The most contentious work-related email debate of this month (at least) continued today, as likely presidential candidate Hillary Clinton held a press conference (video) at the UN headquarters. The topic? Her use of a self-hosted email address during her time as Secretary of State. She gave a statement, then answered a few questions from the press, claiming that her choice to use a personal address was done for convenience. Last month the former First Lady told Re/code that she uses both an iPhone and a Blackberry, and said today that "looking back, think that it might have been smarter to have those two devices from the very beginning."
According to Clinton, the email server she was using was set up for her husband while he was President and protected by the Secret Service, although she did not mention where it was actually hosted. As far as the emails it contained, Clinton said that in response to a request by the State Department last year, her staff filtered out personal messages including ones about her daughter's wedding and emails to her husband, and handed "anything that could be possibly work-related" over for archiving. From her statement, it does not appear that she plans to open up the server for review by a third party, and even said she felt like she went "above and beyond" the requirements at the time. Clinton based that statement on her belief that any government employee, even if they were using the hosted email, could choose what actually remained on the servers. She also said that she did not send any classified material through her personal account.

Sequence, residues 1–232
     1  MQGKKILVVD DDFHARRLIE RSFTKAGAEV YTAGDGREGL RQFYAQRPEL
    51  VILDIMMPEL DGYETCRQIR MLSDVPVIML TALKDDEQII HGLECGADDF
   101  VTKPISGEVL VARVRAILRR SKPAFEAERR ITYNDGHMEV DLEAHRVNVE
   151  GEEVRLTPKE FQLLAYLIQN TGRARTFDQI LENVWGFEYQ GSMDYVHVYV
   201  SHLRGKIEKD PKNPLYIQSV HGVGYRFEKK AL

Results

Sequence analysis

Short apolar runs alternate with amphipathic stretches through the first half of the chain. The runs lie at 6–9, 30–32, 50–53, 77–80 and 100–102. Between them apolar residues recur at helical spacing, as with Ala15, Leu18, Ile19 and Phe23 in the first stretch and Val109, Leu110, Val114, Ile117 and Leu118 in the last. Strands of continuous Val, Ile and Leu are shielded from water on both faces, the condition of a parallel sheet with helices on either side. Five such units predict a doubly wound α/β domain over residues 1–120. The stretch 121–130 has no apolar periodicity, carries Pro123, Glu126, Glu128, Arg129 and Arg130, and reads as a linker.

Even after her press conference, the controversy does not appear to be over, with some citing a cable sent out during her time as Secretary of State directing others to avoid conducting official business on personal email accounts, and other pointing out that President Clinton reportedly has only ever sent two emails. While Hillary Clinton considers announcing her candidacy for president in 2016, clearly she hopes providing access to the emails already provided to the State Department will be enough to satisfy the curious. She said that "no one wants their personal emails made public", but she may not have much choice if the outcry for an outside review of the missing messages continues.